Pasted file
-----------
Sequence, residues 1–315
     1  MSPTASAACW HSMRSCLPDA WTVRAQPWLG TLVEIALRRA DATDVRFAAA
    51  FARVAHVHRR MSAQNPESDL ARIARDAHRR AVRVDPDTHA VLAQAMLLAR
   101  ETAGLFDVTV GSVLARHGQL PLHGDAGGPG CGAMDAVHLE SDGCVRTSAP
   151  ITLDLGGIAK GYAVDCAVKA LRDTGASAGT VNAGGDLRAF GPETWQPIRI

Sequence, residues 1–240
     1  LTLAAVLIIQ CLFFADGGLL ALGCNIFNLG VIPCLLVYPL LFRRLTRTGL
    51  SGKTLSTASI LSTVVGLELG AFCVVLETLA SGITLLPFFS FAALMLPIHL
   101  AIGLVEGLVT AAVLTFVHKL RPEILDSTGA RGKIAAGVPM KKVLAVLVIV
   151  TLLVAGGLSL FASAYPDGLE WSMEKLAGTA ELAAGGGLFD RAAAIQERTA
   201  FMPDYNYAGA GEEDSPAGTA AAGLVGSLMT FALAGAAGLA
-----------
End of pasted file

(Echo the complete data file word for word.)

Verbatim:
Sequence, residues 1–315
     1  MSPTASAACW HSMRSCLPDA WTVRAQPWLG TLVEIALRRA DATDVRFAAA
    51  FARVAHVHRR MSAQNPESDL ARIARDAHRR AVRVDPDTHA VLAQAMLLAR
   101  ETAGLFDVTV GSVLARHGQL PLHGDAGGPG CGAMDAVHLE SDGCVRTSAP
   151  ITLDLGGIAK GYAVDCAVKA LRDTGASAGT VNAGGDLRAF GPETWQPIRI

Sequence, residues 1–240
     1  LTLAAVLIIQ CLFFADGGLL ALGCNIFNLG VIPCLLVYPL LFRRLTRTGL
    51  SGKTLSTASI LSTVVGLELG AFCVVLETLA SGITLLPFFS FAALMLPIHL
   101  AIGLVEGLVT AAVLTFVHKL RPEILDSTGA RGKIAAGVPM KKVLAVLVIV
   151  TLLVAGGLSL FASAYPDGLE WSMEKLAGTA ELAAGGGLFD RAAAIQERTA
   201  FMPDYNYAGA GEEDSPAGTA AAGLVGSLMT FALAGAAGLA